Governor discusses SCOTUS decision not to hear Utah same-sex-marriage case

This morning, Gov. Herbert met with reporters to discuss the U.S. Supreme Court decision not to hear Utah’s case regarding same-sex marriage. You can watch the video or read the full text, below: 

Good morning.

As you know, this morning we received word that the United States Supreme Court decided not to hear Utah’s case regarding the constitutional amendment prohibiting same-sex marriage. The Court also declined to hear same-sex marriage cases from the four other states.

I am surprised–as are many on both sides of the issue–that the Supreme Court has made the decision not to consider Utah’s case, or any similar case from another state.

As I have said all along, regardless of where one stands on the issue of same-sex marriage, the people of Utah and people across the country deserve the clarity and understanding that comes with a Supreme Court decision on significant issues of our time.

While I continue to believe states should have the right to define marriage and create laws regarding marriage, ultimately we are a nation of laws… and we will uphold the law.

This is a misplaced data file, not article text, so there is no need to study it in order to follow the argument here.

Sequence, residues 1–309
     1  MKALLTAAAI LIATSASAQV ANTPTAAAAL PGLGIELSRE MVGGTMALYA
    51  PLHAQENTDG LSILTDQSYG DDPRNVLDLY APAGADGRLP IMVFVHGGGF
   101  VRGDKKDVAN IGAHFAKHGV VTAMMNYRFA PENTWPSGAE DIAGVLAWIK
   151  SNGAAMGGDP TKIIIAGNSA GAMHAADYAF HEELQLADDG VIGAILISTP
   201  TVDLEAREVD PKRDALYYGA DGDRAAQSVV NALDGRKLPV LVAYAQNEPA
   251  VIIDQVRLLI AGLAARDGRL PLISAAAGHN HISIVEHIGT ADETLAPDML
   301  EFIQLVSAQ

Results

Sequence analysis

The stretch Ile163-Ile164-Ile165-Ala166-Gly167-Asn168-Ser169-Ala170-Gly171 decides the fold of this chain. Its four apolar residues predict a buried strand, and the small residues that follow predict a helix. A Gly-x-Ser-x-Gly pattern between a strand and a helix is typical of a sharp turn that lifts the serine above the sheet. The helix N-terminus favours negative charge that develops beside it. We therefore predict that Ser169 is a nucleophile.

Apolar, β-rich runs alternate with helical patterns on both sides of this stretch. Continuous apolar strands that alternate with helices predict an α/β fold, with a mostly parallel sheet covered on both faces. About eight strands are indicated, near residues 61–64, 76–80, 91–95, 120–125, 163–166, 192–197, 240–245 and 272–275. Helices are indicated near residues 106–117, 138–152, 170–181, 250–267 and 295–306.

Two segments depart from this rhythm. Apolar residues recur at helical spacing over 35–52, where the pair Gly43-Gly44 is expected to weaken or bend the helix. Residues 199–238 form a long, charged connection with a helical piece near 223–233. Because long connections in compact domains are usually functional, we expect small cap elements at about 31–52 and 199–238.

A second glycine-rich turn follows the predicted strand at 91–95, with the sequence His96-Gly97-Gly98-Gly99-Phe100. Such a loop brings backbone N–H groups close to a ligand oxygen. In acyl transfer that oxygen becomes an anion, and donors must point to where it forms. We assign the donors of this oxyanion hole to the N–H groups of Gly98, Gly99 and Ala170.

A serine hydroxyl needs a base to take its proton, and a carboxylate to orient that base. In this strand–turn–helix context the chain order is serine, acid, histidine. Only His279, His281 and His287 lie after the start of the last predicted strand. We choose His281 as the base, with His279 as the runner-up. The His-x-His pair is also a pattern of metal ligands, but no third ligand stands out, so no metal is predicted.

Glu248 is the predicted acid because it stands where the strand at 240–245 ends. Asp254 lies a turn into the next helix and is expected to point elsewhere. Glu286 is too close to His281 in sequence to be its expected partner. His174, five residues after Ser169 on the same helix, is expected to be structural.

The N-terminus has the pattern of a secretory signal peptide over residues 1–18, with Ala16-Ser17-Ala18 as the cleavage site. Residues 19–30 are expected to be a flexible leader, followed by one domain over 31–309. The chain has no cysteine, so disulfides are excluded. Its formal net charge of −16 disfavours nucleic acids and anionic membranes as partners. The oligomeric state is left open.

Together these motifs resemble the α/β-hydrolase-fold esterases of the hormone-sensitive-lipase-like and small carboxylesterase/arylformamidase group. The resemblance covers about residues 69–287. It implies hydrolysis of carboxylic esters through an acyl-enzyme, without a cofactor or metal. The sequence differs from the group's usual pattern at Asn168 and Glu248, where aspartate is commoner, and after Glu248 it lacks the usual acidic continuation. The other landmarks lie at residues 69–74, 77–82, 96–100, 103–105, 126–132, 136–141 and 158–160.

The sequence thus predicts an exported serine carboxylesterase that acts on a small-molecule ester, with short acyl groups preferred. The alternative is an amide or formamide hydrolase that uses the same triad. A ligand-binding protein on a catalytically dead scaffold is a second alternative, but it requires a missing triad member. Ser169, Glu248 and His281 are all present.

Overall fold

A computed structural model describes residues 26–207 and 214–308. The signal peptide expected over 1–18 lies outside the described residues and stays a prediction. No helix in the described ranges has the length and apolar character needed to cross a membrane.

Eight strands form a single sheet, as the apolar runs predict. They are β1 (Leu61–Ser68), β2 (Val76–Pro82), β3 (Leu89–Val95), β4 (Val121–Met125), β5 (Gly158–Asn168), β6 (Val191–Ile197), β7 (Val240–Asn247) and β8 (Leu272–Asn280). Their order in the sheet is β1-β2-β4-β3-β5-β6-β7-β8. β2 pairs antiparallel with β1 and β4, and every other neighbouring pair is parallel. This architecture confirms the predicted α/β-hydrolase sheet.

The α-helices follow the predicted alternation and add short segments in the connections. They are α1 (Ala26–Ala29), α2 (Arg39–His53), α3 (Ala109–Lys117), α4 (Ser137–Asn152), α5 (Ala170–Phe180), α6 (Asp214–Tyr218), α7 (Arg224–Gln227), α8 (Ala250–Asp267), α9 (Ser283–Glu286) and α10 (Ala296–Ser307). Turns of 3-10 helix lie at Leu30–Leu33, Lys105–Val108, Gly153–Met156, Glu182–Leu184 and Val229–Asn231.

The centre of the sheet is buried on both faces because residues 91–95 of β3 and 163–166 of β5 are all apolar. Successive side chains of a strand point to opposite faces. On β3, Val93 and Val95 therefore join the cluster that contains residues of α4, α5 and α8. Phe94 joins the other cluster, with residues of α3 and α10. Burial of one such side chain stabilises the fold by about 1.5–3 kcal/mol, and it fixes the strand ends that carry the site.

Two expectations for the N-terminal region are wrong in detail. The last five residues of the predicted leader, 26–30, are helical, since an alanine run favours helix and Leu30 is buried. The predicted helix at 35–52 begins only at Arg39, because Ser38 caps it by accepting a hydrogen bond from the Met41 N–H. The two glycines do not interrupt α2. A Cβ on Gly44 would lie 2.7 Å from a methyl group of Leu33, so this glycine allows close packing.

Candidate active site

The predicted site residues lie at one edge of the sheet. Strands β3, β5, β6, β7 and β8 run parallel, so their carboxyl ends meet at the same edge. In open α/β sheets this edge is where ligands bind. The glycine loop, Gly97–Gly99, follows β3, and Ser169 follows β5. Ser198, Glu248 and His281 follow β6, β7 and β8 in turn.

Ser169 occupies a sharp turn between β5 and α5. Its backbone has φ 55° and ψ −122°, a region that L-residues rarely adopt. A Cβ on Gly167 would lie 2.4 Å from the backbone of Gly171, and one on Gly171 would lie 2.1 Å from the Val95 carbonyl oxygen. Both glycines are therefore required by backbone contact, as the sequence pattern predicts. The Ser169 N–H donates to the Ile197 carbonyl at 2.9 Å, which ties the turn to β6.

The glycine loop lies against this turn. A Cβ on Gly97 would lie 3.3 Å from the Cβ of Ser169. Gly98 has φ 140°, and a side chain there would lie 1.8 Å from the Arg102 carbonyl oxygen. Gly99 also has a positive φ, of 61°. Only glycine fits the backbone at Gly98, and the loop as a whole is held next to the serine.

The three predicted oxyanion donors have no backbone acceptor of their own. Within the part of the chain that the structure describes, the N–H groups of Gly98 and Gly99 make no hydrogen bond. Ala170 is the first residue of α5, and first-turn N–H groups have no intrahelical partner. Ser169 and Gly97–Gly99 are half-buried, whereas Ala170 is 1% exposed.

I have instructed state agencies to implement necessary changes in light of today’s news.

Dear Cabinet members,

As you are all aware, the United States Supreme Court announced this morning it will not grant certiorari (Sure-shore-ary) in the Kitchen v. Herbert case, or any other case related to same-sex marriage. The effect of this decision is that the stay that has been in place in Utah’s case has been lifted and Utah’s laws regarding same-sex marriage have been ruled to be unconstitutional.

We have also just received the mandate from the 10th Circuit Court finalizing its order and lifting its own stay. Accordingly, each agency should conduct business today and going forward, recognizing all legally performed same-sex marriages. Please make adjustments to any forms or other processes, as appropriate.

If there are any specific questions that arise, please consult with the Governor’s Office so we can work with the Attorney General to resolve those questions.

Thank you all for your dedicated service to the citizens of the State of Utah.  We trust that you and your employees will make sure this transition in the application of our laws occurs as smoothly and professionally as possible.

I anticipate a number of questions could arise as we make this transition and we have instructed state agencies to consult with my office so we can work with the Attorney General to resolve those questions.

This has been and I’m sure will continue to be an emotional issue.

However, I encourage all Utahns–regardless of their personal beliefs on this issue–to treat each other with respect and kindness.

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